Cabinet minister Michael Gove has claimed the Government and police are being denied basic information about vulnerable children, while paedophile gangs are fully informed.
Mr Gove said he faced a "wall of silence" when he tried to find out details about those in care homes, with his department unaware of locations and who was responsible for the children.
He said data protection rules and "other bewildering regulations" barred regulator Ofsted from giving information relating to children to the police. In contrast, Mr Gove said:
Michael Gove has said "absurd" secrecy rules in care homes helps "gangs intent on exploiting these vulnerable children".
The Education Secretary's comments came as an in-depth report into England's children homes revealed councils spent an average of £4,000 a week to place a child in accommodation.
Many children were sent far away from their local area, which Mr Gove described as "indefensible".
The report, which is due to be published in full today, was written in the wake of the Rochdale grooming scandal and found that 30% of homes fell below the basic standard set by the Government.
Secrecy rules that apply to children in care homes may make them more vulnerable to abuse and less protected by local authorities, Education Secretary Michael Gove said.
Writing in the Daily Telegraph, he describes his experience of being confronted with a stream of "absurd" secrecy rules and a "wall of silence" as he attempted to get information on how children's care homes operate, following the Rochdale cases of sexual exploitation.
"I was met with a wall of silence. The only responsible body with the information we needed was Ofsted, [...] yet Ofsted was prevented by 'data protection' rules, 'child protection' concerns and other bewildering regulations from sharing that data with us, or even with the police.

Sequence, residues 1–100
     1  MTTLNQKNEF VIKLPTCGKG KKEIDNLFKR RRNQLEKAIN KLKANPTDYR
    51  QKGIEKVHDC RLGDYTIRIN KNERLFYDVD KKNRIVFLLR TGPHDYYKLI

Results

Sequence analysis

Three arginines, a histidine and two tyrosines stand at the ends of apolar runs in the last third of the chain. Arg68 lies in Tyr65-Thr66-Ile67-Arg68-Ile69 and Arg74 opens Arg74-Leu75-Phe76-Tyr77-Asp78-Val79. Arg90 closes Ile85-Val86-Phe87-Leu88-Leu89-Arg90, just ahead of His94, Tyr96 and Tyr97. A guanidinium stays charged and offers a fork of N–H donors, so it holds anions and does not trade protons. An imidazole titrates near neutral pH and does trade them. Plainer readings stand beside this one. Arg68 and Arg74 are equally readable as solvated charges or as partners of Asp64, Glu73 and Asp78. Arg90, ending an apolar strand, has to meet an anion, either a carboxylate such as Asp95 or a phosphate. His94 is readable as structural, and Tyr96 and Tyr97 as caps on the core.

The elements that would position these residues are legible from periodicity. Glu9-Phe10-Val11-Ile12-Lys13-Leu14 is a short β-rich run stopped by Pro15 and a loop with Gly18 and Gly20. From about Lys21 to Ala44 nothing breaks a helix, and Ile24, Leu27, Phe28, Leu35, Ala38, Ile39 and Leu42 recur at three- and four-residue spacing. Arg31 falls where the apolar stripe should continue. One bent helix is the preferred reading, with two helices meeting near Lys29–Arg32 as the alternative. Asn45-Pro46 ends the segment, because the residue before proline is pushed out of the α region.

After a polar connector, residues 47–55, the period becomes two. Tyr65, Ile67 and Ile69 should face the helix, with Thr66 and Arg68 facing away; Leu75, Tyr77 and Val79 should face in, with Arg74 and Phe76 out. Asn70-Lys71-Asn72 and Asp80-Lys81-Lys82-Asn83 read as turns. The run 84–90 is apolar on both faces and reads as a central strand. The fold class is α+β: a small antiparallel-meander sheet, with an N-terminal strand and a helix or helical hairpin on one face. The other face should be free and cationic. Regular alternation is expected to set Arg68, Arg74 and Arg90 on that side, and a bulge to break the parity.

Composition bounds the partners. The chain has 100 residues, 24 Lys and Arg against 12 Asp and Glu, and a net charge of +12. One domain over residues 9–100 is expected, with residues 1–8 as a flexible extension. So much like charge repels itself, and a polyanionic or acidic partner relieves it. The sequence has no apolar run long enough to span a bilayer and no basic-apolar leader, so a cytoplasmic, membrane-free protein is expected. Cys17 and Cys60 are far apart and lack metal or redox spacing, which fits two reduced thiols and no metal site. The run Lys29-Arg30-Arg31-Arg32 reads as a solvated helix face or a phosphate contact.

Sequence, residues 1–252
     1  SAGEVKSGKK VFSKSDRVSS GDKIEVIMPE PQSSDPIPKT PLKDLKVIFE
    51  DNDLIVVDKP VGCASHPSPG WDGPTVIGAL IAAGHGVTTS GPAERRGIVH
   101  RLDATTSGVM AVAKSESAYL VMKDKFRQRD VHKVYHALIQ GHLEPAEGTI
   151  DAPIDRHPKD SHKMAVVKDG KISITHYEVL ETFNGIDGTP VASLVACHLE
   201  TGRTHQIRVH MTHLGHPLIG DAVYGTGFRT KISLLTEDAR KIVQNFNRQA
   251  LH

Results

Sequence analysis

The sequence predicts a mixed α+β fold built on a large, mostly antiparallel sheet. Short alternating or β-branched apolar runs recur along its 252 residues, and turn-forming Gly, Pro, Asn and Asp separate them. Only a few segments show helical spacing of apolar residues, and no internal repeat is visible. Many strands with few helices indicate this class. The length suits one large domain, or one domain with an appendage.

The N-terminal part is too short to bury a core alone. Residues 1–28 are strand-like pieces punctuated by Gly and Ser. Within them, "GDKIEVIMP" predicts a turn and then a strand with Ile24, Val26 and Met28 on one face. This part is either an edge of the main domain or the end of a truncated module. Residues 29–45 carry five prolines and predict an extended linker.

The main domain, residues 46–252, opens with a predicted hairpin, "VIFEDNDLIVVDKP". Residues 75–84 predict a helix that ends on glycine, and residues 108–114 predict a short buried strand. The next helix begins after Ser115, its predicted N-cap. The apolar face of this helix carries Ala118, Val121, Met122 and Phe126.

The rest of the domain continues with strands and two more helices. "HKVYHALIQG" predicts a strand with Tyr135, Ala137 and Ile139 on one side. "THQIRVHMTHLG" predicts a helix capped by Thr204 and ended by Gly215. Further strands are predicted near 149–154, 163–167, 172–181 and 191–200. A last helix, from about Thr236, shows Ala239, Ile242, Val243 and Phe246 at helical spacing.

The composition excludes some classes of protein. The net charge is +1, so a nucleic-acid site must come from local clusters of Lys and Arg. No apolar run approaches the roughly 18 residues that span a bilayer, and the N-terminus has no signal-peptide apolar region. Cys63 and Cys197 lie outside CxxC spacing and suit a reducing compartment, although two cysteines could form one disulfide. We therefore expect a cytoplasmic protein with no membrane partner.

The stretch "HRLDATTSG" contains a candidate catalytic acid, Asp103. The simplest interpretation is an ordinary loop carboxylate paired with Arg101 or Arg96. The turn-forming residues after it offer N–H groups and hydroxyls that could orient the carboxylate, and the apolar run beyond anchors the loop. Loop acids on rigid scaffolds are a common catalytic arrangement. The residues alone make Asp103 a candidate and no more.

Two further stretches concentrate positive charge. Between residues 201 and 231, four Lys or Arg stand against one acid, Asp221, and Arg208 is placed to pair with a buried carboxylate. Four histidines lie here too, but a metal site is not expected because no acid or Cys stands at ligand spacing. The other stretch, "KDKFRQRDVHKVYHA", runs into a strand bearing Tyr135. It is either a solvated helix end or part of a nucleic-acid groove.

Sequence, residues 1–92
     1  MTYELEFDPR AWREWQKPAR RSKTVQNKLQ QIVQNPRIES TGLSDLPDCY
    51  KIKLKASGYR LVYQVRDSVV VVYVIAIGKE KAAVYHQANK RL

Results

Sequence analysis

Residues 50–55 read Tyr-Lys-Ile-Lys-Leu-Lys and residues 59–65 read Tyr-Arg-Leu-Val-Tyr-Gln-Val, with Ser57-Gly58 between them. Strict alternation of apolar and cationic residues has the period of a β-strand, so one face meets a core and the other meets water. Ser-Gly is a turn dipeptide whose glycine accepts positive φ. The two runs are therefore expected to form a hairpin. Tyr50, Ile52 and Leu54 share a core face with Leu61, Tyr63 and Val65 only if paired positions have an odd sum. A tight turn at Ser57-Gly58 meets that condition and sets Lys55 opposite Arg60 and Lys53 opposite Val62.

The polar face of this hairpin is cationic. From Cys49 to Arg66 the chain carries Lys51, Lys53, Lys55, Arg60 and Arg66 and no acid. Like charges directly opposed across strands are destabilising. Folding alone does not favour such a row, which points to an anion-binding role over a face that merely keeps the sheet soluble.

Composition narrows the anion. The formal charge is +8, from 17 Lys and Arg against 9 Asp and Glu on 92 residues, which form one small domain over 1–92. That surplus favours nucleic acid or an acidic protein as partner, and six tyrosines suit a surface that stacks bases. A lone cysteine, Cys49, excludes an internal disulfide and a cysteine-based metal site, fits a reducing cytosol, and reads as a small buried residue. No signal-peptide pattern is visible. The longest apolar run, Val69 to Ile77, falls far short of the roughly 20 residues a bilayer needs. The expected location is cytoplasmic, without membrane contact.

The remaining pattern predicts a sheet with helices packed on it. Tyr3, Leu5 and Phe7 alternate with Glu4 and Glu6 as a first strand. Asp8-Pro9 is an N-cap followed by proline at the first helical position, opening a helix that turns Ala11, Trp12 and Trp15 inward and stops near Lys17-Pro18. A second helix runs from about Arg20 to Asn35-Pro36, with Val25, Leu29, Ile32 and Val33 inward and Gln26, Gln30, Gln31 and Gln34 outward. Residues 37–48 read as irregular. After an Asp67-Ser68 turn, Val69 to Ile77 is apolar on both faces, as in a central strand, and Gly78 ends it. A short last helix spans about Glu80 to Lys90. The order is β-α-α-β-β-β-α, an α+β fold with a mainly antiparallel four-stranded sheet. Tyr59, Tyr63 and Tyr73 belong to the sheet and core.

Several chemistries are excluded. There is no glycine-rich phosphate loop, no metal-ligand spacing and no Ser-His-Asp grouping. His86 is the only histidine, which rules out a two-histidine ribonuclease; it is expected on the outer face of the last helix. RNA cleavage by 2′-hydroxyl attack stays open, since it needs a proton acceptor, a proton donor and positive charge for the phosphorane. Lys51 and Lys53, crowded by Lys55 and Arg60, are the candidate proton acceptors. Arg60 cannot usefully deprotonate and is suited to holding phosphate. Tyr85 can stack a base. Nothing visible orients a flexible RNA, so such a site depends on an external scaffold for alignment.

"In the name of 'protecting children' by officially 'protecting' their information, we had ended up helping the very people we were supposed to be protecting them from."
The charity Age UK wants the enforced care worker training to teach staff how to notify authorities about suspected abuse or the poor treatment of the elderly by colleagues.
The push for training comes after a series of scandals in which elderly and disabled adults have been mistreated in NHS hospitals and private care homes.
Health Minister Norman Lambhas told The Daily Telegraph it is not acceptable that there are no “clear standards of the training that must happen in a care home”.
He told the newspaper:
Criminal prosecutions must follow in the "most outrageous" cases of abuse but reforms are needed to improve the quality of care more widely in nursing homes and in pensioners' own homes, he said.
The Liberal Democrat minister said the new regime must not create “a tick box” culture, adding: “But the bottom line is, I don’t want a loved one being looked after by someone who has really no idea what they are doing.”
Care home staff will be made to undergo compulsory training under Government plans to protect the elderly in the wake of a number of high-profile scandals, The Daily Telegraph has reported.
Health Minister Norman Lamb told the newspaper the lack of basic requirements for training care workers was leaving pensioners in the hands of staff who have "no idea what they are doing".
Proposals expected in weeks will suggest national minimum standards for preparing new recruits to work in nursing homes, according to the report.
Carers who help with tasks like washing and dressing elderly people in their own homes will also apparently be required to complete the training.
Health Secretary, Jeremy Hunt, has told Daybreak that an Ofsted-style rating system will put pressure on hospitals and care homes to improve standards.
He said: "The best possible way [to improve standards] is to expose where care is not at satisfactory level."
Former NHS manager and health policy analyst has told Daybreak that the the inspection regime of hospitals and care homes could move to the private sector.
He said: "Most people have said that [the Quality Care Commission] is bureaucratic. It clearly hasn't worked."
Health Secretary Jeremy Hunt is to vow a reform of the inspection regime currently being followed for rating hospitals and care homes. Daybreak's Cordelia Kretzschmar reports.
Fifteen per cent of hospitals and 20 per cent of care homes failed to meet minimum standards on ensuring residents had enough food and drink, and the help they needed to consume it.
Ten per cent of NHS hospitals and 15 per cent of nursing homes failed to meet standards on treating patients with dignity and respect.